Of all the scrutiny into the behaviour of grocery retailers during the cost of living crisis, it was the CMA review into unit pricing that came closest to criticising them outright.

The regulator identified examples of non-compliance among all the 11 major supermarkets and seven variety stores it analysed. The concerns primarily related to three main areas: consistency in the units or measures that are used across products and across retailers; legibility, based on how these were displayed in stores (or not) and whether a customer was able to clearly read them; and finally, promotions, with some retailers not applying unit prices to shelf-edge labels for products on promotion.

These were all issues previously highlighted in the CMA’s 2015 review into supermarket pricing tactics, following a super-complaint by consumer group Which?. 

However, for those wishing unit pricing would deliver the political stick to rattle retailers who have failed to change their ways, the breaches appeared to be more as a result of confusion than conspiracy. The CMA went on record to note that in some cases these breaches were “relatively minor” and pointed out some stemmed from “ambiguities” with the pricing rules that left grocers with “too much scope for interpretation”.

So what’s going to change, and how might it affect supermarkets?

Legislative changes afoot

The most significant changes are likely to be with the unit pricing rules, outlined in the Price Marking Order 2004. The CMA has recommended to government that the legislation is updated to include more standardised rules over the specific measurement that can be displayed, and its proximity to products.

These are changes that should have been made a long time ago following the super-complaint, says Jessica Burt, associate food lawyer at Mills & Reeve. Changing legislation would provide not only clarity for consumers, but would bring consistency across the supply chain she said. Burt highlighted the contrast between what food producers are required to include on food packaging, with how retailers present the products on shelves as a good example. 

“All the onus as far as food producers are concerned is not to mislead, to ensure clarity, and legibility,” Burt said. ”This has been established for decades, whereas there has been a real gap with the retailers,” Burt says.

It’s ultimately up to the government whether they take those recommendations up, says Tom Smith, former legal director at the CMA and now senior partner at Geradin Partners. Even if they do, change may not come quickly, he warns.

Its worth noting that in response to the 2015 super-complaint, the CMA  asked the then department for Business, Innovation and Skills to reform legislation around unit pricing, as well as to develop a standard set of guidelines around the legibility of unit pricing information. 

“If you really want unit pricing to work, it would need to apply clearly across all products and in all circumstances. Any complications and any obfuscation will only reduce its effectiveness,” Smith says.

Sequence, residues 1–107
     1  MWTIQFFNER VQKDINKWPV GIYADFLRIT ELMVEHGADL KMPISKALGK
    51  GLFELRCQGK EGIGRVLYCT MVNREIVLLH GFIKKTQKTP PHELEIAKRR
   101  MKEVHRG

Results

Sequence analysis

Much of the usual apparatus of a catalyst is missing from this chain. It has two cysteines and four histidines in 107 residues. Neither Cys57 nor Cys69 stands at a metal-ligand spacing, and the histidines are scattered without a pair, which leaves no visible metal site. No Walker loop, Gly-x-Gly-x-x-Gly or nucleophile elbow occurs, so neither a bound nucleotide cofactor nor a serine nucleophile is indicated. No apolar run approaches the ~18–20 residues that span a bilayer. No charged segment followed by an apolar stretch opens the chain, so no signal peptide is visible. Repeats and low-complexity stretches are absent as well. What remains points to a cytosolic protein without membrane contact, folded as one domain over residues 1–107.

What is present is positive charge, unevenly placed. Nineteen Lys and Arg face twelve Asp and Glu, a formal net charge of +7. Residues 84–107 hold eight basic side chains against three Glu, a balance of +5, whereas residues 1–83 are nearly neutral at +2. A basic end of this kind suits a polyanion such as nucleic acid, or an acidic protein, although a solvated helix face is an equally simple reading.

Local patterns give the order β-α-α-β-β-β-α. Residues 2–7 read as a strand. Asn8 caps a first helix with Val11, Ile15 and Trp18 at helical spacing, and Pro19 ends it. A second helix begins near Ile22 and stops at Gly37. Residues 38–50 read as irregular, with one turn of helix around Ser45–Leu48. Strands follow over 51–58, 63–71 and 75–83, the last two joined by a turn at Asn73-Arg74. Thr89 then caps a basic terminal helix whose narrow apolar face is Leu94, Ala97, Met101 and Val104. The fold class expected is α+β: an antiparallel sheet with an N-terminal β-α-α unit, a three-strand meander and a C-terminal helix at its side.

So what does that mean for supermarkets?

“We’re a long way away from any formal investigation or fine or anything like that, because they’ve simply found nothing wrong,” says Smith. 

That doesn’t mean supermarkets should carry on business as usual, however.  

The regulator has also written to individual retailers it has found to be in breach of the current rules, warning them to urgently iron out any areas where they’re not compliant, ahead of any potential changes to the PMO. Its recommendations include ensuring they display the unit price next to each individual product, and making sure they settle on a single unit price measure across stores.

One area where supermarkets were potentially “most at risk” is promotions, highlights Burt – especially given the ratcheting up of loyalty pricing schemes over the past year. However, it’s an area supermarket bosses seem to have pre-empted.

When Sainsbury’s launched its flagship Nectar Prices loyalty scheme in April, executives ensured shelf labels and PoS signs included unit price. Tesco followed that up in June when UK CEO Jason Tarry announced the grocer would introduce unit pricing on simple promotions by early 2024. It will also bring forward work on its Clubcard Prices to make it simpler for customers “to see by weight or volume just how competitive those offers are”, Tarry said in a June blog.

Potentially more significant changes could be yet to come as the CMA gets underway with the next stage of its work, which it is due to publish findings for in autumn, alongside its scrutiny into suppliers as part of its wider look into profiteering within the groceries sector, Smith says.  

It includes a study into how consumers respond to unit pricing rules, as well as a study looking deeper into the effectiveness of unit prices at actually delivering savings to customers at all. 

“If the CMA finds consumers are ignoring the information, don’t understand the information, or understand it but can’t be bothered to act on it, you could see the CMA saying ‘the rules aren’t working, we need to go back to the drawing board’,” Smith says. “Evidence in this kind of thing varies.”